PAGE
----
ERIC Number: ED354464
Record Type: RIE
Publication Date: 1992
Reference Count: N/A
Empathy and Helping in a Non-Distress Situation.
Theories about helping behavior have branched into two basic areas: egoistic and altruistic. Egoistic theories describe helping as being induced by sadness or distress; the Empathy-Altruism hypothesis contends that people help when they feel empathy for another in need. Fultz, Schaller, and Cialdini (1988) looked at the possibility that three emotions--sadness, distress, and empathy--may increase helping. The intent of this study was to demonstrate the occurrence of helping in a situation in which only empathy is evoked and therefore can be the only emotion to affect the helping response. College students (N=60) were randomly divided by an instruction set into either high or low empathy groups. These subjects were asked to listen to two radio programs and to evaluate them as part of a media evaluation task. After each tape, the student completed a media evaluation and an emotional response questionnaire. The first tape was used to obtain a emotional response baseline. The second tape presented a helping situation free of sadness and distress. The situation described a student, of the same gender as the participant who was raising money for an educational trip abroad by stuffing 25,000 envelopes for a fee of $1,500. Later each student was given an opportunity to stuff envelopes for the interviewee. There was no difference between high and low empathy instruction groups on self-reported empathic listening. However, female participants who reported listening empathically helped significantly more than those who did not. Their emotional response questionnaire scores showed no change in sadness or distress but a significant increase in empathy. Findings suggest that a situation free of sadness and distress can evoke empathy which is associated with greater helping among female subjects, offering partial support for the Empathy-Altruism hypothesis. (Author/ABL)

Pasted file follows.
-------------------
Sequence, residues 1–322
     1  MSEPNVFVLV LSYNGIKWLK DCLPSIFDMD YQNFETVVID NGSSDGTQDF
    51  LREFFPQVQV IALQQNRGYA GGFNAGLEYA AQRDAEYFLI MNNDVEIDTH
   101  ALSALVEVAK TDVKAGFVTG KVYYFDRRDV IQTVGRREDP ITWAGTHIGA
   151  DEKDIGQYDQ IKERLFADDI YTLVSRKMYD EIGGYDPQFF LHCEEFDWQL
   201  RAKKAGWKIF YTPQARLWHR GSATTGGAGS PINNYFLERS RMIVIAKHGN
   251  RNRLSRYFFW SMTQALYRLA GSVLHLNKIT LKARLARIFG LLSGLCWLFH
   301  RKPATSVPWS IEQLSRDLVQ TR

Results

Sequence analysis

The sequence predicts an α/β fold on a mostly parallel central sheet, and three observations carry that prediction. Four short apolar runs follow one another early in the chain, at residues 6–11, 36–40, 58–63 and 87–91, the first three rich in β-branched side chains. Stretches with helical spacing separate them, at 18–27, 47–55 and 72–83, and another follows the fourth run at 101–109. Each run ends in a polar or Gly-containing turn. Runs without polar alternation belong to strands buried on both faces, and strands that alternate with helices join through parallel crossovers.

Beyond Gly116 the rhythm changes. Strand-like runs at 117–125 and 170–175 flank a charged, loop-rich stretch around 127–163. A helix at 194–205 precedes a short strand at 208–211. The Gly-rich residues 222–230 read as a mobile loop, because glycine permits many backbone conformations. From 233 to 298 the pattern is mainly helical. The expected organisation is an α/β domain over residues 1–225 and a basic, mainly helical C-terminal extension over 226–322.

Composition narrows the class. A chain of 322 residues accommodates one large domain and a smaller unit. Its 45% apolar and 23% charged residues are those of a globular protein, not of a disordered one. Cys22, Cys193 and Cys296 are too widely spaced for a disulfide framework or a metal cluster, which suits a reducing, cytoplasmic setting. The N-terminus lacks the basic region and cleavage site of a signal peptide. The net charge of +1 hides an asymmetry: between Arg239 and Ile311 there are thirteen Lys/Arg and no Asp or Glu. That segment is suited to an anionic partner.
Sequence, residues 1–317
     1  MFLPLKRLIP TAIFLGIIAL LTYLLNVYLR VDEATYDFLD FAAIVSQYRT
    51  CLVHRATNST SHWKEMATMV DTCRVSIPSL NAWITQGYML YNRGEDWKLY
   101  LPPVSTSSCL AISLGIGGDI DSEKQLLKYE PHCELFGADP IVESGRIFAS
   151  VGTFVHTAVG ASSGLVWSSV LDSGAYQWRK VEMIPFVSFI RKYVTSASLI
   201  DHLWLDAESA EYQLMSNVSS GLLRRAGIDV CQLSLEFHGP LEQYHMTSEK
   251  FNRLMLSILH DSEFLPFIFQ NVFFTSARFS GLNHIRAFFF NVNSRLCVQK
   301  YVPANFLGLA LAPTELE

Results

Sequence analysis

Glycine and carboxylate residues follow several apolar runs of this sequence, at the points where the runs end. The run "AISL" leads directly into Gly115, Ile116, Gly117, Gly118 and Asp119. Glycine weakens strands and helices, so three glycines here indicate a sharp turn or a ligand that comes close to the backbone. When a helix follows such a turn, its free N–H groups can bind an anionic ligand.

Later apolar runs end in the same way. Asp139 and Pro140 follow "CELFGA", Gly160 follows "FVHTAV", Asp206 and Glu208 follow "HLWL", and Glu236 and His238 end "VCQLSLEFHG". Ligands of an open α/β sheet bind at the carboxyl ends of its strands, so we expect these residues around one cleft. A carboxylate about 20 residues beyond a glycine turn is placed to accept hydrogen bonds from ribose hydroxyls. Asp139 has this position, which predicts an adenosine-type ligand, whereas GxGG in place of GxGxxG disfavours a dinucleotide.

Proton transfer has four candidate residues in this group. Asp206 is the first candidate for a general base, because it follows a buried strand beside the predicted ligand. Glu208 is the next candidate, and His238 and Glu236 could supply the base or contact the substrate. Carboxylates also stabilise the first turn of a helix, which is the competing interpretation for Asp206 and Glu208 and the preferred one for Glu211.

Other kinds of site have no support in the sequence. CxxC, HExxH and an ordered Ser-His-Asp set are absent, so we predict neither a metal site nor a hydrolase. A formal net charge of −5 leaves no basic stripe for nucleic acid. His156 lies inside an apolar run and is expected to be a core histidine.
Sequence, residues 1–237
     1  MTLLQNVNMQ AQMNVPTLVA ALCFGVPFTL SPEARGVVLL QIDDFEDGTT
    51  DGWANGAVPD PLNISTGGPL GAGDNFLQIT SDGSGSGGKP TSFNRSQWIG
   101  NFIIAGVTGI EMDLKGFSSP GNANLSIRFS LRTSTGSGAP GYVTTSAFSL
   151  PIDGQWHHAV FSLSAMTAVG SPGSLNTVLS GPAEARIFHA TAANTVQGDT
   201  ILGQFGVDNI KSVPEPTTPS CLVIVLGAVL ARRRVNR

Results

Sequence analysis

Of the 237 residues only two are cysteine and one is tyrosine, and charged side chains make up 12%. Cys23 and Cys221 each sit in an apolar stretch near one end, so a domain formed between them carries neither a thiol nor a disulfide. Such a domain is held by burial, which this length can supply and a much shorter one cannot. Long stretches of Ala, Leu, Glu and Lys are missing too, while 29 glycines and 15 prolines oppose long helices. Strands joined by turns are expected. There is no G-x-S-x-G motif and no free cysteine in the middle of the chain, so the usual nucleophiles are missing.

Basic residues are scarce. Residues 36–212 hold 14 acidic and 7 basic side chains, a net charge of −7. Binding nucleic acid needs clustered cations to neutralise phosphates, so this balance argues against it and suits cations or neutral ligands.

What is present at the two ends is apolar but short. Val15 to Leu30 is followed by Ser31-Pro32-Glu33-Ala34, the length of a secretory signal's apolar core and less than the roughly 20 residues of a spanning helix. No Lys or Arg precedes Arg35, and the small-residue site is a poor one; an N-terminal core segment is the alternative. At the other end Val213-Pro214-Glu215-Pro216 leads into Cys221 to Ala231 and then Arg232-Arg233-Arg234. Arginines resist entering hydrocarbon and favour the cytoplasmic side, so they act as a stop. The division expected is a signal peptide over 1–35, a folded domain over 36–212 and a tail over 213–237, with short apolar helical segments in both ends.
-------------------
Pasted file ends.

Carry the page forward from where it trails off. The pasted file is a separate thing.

Publication Type: Reports - Research; Speeches/Meeting Papers
Education Level: N/A
Authoring Institution: N/A
Note: Paper presented at the Annual Meeting of the Midwestern Psychological Association (64th, Chicago, IL, May 1992).